Things You Need to Know About Rights-Grab Photo Contests

It seem that contest photo organizers/ sponsors had found a 'cheap and economical way' to 'harvest' a great deal of creative work, usually images for absolutley nothing - a library of FREE images. These are rampant nowadays not just in the Philippines (from private companies to government agencies) but even abroad. A clever ploy targetting photographers especially the amateurs who are naive and do not understand their rights and the potential value of their work. This, in a way, can 'harm' photography in general because when sponsors/ contest organizers get a collection of free images, they are less likely to buy nor hire/commission a photographer to shoot photos for commercial application - somewhere, a photographer loses a sale.

Yet, no matter how clever their mechanics/ contest rules may be, there will always be loopholes and gray areas which you can detect if you examine the contest mechanics very closely. When joining a (photo) contest, please take sometime to read carefully and understand the specific clauses particularly on the following:

Copyright Ownership/ Policy

As authors of original works, photographer entrants should own copyright of their entries, irregardless of winning and non-winning entries. Think twice if you see any of the following clause explicitly expressed in the rules:"All photos submitted as entries to the photo contest shall be owned by ...."; "..... shall retain the copyright of the photographs."; "All entries shall automatically become exclusive property of .... and may be used, copied, reproduced and/or reprinted by.... into any size or medium for exhibition, advertising, promotion or whatever purpose." (see: ownership of copyright & derivative works)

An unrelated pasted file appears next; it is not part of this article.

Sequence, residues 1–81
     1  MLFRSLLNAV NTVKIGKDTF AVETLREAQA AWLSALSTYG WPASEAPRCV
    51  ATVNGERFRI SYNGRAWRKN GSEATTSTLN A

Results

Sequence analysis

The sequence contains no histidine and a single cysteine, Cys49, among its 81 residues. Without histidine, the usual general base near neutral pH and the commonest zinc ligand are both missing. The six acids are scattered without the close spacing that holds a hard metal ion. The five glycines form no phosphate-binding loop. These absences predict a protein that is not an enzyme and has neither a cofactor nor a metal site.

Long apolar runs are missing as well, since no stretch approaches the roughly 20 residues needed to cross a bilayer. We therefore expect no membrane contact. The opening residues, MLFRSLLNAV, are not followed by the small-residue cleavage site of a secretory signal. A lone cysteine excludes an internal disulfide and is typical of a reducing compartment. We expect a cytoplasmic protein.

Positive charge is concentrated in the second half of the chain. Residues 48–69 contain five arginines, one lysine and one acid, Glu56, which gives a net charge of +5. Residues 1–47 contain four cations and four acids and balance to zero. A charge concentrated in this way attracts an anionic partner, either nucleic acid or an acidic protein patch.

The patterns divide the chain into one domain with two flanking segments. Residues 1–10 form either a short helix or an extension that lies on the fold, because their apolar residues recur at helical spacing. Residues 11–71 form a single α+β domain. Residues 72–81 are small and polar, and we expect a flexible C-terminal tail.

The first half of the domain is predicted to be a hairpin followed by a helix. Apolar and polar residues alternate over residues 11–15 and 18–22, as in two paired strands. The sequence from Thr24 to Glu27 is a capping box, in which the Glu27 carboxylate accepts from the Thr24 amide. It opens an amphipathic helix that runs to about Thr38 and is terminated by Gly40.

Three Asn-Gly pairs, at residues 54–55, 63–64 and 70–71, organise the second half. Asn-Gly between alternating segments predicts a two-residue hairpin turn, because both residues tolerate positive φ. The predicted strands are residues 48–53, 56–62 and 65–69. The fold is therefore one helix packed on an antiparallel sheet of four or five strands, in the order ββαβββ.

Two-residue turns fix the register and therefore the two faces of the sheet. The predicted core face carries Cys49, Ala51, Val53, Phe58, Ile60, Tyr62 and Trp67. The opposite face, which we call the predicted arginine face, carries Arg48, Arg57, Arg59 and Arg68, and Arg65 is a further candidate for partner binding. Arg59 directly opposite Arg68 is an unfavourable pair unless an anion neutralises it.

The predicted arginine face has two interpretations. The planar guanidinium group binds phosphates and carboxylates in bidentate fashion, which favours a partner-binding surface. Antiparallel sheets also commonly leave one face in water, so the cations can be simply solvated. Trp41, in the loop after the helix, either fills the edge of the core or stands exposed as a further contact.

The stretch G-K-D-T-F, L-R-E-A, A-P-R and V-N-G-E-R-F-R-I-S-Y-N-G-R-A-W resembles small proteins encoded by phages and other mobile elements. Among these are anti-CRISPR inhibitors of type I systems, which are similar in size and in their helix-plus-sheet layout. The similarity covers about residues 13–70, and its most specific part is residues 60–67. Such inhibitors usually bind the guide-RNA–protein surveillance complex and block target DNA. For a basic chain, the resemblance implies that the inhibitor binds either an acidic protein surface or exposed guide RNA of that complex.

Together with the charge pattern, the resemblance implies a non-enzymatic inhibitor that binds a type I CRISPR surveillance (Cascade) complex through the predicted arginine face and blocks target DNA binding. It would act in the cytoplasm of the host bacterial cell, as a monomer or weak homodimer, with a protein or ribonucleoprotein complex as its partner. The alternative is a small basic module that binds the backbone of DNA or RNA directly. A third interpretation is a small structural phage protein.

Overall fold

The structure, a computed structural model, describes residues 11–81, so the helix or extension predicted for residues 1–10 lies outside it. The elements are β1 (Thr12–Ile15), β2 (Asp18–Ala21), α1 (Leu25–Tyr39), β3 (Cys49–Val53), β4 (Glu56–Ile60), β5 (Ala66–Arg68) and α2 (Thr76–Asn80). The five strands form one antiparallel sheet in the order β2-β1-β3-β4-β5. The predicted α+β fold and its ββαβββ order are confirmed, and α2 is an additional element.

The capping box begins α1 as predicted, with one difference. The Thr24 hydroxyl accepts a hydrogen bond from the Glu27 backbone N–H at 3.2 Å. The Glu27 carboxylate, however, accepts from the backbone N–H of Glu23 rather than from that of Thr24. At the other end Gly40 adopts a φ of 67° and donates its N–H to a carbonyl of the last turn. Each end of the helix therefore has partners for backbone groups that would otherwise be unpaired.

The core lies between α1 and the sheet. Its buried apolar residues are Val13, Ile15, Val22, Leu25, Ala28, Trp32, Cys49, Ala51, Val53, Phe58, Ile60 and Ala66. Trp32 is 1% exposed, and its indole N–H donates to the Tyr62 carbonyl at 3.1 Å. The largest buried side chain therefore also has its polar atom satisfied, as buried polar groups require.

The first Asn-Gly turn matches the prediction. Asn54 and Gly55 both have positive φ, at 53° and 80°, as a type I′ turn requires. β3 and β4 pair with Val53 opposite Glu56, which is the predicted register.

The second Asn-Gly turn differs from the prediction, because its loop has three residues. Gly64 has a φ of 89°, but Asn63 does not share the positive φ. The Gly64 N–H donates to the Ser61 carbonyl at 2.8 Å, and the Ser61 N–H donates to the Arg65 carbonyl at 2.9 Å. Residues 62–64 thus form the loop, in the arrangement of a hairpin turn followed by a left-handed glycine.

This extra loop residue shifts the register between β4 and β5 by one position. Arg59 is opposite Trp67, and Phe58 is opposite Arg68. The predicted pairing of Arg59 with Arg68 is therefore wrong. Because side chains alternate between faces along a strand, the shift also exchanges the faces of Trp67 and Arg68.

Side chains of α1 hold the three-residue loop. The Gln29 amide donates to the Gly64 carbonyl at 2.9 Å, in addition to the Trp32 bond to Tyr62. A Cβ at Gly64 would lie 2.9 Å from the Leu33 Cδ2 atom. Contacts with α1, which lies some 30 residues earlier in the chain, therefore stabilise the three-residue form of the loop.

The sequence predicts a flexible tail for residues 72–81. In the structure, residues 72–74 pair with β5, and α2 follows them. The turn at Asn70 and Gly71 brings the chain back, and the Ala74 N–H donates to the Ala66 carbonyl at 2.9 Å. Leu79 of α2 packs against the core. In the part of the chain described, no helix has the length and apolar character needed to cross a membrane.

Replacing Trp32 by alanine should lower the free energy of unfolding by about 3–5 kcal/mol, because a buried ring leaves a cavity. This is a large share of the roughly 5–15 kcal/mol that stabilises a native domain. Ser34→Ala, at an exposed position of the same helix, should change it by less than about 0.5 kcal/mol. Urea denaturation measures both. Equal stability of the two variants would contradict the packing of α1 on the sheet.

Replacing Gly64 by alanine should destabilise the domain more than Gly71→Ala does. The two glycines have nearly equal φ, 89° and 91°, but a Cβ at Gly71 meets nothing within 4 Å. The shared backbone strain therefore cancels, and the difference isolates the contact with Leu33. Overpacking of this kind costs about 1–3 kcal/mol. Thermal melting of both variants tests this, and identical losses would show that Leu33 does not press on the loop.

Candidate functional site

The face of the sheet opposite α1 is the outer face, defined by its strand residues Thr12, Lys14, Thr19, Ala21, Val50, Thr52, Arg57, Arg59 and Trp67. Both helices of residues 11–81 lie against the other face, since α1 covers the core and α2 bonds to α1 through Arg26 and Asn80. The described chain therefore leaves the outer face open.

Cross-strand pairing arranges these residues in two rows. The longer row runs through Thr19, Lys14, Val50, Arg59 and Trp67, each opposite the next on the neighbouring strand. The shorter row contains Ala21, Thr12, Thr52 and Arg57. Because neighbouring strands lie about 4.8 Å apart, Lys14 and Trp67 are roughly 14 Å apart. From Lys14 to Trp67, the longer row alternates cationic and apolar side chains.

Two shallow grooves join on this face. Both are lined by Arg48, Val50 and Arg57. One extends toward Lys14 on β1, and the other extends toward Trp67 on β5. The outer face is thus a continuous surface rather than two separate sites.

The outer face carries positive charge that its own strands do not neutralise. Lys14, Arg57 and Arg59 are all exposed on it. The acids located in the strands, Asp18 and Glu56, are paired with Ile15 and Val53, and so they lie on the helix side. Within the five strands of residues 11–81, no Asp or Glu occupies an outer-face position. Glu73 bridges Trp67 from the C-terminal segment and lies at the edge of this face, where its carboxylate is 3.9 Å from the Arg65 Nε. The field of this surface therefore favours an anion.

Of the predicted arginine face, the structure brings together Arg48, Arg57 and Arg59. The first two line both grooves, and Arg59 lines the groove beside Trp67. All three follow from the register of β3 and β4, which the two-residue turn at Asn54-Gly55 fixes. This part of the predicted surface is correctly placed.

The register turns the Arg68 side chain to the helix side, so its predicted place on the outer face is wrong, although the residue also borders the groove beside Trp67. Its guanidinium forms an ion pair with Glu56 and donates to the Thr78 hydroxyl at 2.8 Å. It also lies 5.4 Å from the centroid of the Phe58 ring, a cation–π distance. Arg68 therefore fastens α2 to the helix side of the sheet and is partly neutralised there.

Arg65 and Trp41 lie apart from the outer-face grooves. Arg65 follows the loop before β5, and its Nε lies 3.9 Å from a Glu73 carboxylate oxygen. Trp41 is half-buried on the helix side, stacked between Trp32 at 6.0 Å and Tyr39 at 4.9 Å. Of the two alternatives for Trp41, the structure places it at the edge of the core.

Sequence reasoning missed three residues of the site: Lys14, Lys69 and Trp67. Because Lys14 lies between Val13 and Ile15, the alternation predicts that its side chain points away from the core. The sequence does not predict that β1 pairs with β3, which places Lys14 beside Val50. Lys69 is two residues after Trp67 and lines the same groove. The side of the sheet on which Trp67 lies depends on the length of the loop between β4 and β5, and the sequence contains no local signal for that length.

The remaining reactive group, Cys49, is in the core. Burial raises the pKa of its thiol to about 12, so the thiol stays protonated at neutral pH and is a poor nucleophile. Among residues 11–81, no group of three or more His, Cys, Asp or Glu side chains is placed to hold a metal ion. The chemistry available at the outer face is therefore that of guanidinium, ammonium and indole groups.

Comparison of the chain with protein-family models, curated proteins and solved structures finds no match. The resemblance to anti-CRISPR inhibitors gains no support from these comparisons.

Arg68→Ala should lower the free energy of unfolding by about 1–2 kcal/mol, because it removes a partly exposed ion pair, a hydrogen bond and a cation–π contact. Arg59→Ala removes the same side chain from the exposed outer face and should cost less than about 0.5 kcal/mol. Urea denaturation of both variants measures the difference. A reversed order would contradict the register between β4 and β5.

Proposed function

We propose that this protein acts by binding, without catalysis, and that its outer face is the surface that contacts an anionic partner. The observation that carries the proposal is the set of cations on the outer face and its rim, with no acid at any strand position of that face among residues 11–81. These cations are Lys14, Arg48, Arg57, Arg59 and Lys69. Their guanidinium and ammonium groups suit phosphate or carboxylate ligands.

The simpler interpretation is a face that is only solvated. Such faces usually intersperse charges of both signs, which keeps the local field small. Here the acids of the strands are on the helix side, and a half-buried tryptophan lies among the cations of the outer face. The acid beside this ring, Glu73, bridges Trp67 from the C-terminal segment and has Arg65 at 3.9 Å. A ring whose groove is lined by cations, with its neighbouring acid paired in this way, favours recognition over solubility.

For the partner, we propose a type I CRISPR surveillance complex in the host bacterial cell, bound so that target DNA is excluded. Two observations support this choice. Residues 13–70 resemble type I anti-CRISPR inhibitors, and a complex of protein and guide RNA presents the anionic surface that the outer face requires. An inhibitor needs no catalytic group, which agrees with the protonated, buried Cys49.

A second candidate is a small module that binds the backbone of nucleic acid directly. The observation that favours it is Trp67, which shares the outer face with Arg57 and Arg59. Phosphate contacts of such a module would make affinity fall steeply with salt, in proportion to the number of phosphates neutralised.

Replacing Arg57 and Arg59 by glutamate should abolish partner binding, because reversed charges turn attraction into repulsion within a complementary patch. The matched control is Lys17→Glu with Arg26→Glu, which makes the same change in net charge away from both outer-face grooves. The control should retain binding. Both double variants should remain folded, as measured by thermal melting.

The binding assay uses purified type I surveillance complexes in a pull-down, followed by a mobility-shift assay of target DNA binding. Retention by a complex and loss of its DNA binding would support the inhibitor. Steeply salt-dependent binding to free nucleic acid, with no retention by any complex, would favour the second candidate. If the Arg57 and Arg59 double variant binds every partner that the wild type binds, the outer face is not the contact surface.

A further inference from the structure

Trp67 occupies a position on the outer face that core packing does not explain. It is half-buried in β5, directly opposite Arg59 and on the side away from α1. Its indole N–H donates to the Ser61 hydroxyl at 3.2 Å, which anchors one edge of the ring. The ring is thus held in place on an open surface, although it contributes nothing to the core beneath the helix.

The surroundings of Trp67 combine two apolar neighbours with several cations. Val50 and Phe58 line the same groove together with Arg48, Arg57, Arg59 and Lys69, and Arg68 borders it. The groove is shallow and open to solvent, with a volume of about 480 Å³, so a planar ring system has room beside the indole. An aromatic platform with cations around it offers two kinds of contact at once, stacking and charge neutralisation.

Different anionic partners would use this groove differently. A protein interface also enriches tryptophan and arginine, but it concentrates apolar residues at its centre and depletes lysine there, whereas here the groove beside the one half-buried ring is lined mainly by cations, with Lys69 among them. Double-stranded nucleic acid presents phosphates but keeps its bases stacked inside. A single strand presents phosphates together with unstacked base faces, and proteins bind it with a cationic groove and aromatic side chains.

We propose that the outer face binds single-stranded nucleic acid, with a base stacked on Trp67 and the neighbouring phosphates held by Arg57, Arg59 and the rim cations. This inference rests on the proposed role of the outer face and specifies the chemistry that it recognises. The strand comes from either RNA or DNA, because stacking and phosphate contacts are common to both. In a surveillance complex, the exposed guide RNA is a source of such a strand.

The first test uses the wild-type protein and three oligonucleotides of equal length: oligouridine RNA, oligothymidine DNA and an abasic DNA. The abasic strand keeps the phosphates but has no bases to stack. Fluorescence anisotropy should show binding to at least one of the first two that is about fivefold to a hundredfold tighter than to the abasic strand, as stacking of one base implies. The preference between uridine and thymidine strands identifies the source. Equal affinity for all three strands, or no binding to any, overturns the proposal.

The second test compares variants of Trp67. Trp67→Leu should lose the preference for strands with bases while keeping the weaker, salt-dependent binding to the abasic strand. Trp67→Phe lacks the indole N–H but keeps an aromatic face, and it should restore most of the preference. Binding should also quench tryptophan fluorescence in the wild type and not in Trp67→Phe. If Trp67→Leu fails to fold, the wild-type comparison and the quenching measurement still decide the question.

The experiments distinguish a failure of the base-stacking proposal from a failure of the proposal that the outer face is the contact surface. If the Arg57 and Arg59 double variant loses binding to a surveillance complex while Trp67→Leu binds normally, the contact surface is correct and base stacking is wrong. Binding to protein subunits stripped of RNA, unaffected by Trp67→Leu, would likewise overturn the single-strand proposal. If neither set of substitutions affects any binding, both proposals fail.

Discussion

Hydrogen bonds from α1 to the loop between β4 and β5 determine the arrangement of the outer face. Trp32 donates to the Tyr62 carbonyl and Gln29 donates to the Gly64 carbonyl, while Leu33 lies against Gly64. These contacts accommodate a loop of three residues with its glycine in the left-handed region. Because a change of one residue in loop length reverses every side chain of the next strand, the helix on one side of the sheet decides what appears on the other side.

File Submission

Photographer's entries are submitted independently of the digital files or film negatives except in the case of winners, where the sponsors/ organizers may request high resolution file/ digital scans of the winning photographs for verification purposes. Contest organizers has the prerogative in disposing non-winning prints. These maybe returned (via mail by enclosing self-stamped envelope) or destroyed if unclaimed. It is also understood that mere possession of unreturned/ unclaimed entries, both print/ digital files (low resolution) does not transfer authors copyright to the organizer/s (see: transfer or assignment of copyright). Please be warned should you read the clause "Original negatives and data files should be submitted together with the entry" or "All photos submitted as entries to the photo contest shall be owned by ...."

Terms of Use

Organizers has the right to use the winning photographs for marketing and promotional purposes directly related to the photo competition. It is also the duty of the organizers to give appropriate citation/credit to photographers of winning entries. Please be watchful though for a clause such as this: ".... you hereby grant ...., its subsidiaries and branch offices the perpetual right to exclusively, royalty-free and without limitation freely use, modify, edit, copy, reproduce, distribute, translate, create derivate works from, alter and publicly display or publish such content, for whatever purposes, in any form or medium, either on this web-site or elsewhere, whether promotional or in other activities or events arranged by .... or any of the above stated parties, whether locally or world-wide."